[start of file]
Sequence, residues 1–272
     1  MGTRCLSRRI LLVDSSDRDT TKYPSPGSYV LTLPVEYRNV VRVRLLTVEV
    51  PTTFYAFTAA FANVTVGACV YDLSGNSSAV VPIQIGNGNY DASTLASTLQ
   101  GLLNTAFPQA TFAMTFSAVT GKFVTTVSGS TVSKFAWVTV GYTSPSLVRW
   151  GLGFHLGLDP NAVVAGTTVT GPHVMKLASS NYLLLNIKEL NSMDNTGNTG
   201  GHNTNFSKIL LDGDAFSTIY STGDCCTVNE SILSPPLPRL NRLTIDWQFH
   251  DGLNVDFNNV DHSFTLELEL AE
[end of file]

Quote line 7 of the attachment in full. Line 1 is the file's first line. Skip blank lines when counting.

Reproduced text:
   251  DGLNVDFNNV DHSFTLELEL AE